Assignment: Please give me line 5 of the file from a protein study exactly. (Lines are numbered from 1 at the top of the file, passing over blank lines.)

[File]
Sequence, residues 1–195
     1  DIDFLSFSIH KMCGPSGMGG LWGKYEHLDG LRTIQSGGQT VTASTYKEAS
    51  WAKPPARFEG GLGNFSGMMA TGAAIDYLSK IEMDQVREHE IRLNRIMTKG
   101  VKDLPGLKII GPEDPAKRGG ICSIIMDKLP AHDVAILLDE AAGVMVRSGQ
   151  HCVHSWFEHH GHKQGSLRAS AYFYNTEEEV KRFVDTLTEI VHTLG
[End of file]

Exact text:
   151  HCVHSWFEHH GHKQGSLRAS AYFYNTEEEV KRFVDTLTEI VHTLG